How to design a winning year-end party invitation
December 27, 2015 · Print This Article
Who doesn’t look forward to that fabulous year-end office party? Well, most people do. It’s a well-deserved chance to celebrate the successes of the year and relax with co-workers. A cleverly designed invitation to your businesses’ year-end party will make an impression on your staff and build up anticipation in your office. It can set the tone for the event, which is a good strategy if the party you are planning is not the drunken celebration your staff are anticipating!
Follow these tips for creating an excellent invitation:
- Send an invitation, not a memo.
Sending a real invitation shows a lot more class than a quick email. It shows your employees that you value them. Electronic event invitations can work well, but a printed one can be taken home to show spouses, stuck on the fridge, or shown off to friends (if it’s groovy enough).
- Spend time on the design, or if you can’t, outsource it to a designer.
Clever, stylish or funny design can generate real excitement for a corporate bash. Black backgrounds with gold for formal functions, company logos and corporate colours for networking opportunities, cartoons or retro postcards for humour – a graphic design service will be able to assist you in creating the perfect invitation.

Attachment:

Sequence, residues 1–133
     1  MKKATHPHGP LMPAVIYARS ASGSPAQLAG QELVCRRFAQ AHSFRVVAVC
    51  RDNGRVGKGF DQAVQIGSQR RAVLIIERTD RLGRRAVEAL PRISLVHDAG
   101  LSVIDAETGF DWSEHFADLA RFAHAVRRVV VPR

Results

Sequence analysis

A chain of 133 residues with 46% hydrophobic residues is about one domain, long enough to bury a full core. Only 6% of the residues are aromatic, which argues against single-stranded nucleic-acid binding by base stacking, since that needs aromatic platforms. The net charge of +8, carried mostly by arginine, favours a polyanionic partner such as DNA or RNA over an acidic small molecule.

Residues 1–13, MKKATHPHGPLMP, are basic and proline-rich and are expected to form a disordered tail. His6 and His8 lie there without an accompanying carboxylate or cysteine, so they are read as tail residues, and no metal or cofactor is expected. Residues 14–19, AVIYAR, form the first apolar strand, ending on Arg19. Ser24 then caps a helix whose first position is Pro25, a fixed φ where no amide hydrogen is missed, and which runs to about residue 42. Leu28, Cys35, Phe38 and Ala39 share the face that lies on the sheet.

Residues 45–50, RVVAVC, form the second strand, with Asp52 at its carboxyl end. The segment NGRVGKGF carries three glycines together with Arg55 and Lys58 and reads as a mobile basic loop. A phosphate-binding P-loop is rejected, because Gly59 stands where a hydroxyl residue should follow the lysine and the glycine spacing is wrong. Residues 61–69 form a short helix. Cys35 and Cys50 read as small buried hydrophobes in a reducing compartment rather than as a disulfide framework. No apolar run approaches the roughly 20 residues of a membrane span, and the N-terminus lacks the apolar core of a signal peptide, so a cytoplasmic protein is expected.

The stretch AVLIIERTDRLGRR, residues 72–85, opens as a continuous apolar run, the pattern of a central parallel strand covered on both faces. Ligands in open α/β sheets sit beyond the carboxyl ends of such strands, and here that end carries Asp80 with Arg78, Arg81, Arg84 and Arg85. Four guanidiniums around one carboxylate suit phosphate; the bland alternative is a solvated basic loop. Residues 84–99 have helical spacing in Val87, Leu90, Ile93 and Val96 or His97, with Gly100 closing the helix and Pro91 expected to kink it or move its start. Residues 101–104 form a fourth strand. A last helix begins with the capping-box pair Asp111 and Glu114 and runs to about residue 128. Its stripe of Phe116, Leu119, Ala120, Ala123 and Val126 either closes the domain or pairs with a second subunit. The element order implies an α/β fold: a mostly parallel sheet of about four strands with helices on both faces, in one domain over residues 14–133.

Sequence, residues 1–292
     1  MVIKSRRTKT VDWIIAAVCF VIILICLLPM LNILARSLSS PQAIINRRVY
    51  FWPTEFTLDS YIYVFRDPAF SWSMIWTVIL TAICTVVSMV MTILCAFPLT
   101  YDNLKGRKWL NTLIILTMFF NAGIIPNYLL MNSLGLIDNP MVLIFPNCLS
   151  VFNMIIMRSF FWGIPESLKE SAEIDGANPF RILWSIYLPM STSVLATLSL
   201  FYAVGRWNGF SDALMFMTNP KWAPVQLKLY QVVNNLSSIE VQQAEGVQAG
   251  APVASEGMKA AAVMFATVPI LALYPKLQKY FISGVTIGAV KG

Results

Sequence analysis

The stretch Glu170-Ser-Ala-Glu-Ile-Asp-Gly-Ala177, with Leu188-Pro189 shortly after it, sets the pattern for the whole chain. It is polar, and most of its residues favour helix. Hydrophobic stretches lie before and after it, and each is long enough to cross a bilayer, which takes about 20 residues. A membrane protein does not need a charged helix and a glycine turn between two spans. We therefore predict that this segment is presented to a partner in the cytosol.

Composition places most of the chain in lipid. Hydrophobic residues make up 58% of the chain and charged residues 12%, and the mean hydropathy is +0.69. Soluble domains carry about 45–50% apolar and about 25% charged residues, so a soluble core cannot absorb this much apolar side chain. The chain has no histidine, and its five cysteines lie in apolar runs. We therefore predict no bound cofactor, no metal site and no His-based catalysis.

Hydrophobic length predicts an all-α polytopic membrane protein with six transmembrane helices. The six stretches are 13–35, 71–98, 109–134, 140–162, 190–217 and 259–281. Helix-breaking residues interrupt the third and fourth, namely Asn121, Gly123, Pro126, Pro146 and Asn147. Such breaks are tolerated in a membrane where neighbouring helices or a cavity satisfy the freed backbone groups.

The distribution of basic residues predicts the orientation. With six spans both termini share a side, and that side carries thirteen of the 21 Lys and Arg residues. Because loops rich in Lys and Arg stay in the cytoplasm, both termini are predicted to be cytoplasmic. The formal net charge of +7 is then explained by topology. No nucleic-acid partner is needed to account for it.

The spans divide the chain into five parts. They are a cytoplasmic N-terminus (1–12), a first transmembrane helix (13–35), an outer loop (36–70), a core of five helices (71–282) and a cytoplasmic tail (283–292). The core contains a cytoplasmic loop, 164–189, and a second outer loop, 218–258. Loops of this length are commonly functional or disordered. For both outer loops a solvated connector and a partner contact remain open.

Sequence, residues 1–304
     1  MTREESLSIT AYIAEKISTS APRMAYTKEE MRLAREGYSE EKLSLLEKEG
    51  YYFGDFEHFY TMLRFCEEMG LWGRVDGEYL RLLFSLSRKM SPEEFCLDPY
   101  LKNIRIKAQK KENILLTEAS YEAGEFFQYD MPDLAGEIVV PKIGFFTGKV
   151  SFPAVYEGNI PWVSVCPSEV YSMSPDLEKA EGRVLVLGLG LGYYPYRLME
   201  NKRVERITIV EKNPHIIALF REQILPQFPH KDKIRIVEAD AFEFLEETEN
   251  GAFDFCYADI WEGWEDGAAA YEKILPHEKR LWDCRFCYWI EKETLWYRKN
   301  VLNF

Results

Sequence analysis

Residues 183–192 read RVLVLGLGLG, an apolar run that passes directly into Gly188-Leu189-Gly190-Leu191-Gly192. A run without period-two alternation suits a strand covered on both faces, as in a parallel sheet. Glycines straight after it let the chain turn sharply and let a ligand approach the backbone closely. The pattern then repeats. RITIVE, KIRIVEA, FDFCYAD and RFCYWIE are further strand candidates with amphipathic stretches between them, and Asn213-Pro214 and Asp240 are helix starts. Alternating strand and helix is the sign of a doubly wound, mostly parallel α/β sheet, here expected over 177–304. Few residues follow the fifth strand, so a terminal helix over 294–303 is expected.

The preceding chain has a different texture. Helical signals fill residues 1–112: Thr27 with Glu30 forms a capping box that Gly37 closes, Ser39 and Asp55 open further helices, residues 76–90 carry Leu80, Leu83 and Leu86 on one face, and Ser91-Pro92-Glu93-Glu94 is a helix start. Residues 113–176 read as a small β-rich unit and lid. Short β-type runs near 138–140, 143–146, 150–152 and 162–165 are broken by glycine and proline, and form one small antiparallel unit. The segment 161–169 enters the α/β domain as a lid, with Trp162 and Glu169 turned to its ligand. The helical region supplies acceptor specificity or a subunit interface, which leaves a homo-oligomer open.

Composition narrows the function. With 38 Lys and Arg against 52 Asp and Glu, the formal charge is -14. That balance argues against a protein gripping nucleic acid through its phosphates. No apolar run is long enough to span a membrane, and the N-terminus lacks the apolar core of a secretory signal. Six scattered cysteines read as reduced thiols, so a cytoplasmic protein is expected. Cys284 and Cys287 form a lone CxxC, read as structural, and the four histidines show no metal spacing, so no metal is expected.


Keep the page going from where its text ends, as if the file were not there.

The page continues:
- Look at the wording carefully.
There are many ways of wording an invitation, which can say a lot more than the actual words themselves. If the company is serious and formal, then this tone would be expected. A slightly quirky company might be able to get away with irreverent words, plays on words or in-jokes. It can also be an opportunity to show the people attending a different side of the business – try using rhyming lines or clever limericks, or give clues that hint at but don’t totally give away all the details.
- Don’t forget anything important.
It goes without saying that things like the date, the time, the venue and dress code be in there, but it’s amazing how often essential details are forgotten. Have a checklist and ask someone to check it too. If there’s a theme or costumes expected, or some kind of activity planned, be sure to communicate this on the invitation.
- Don’t print the invitations out on your desktop printer.
You may think it’ll save you money, but the chances are, you’ll compromise the effort you put into the design and wording with poor quality paper and printing. When you think about impressions and the possible marketing opportunities that can come from a well-designed, high quality printed invitation, you won’t regret using the services of a good printer.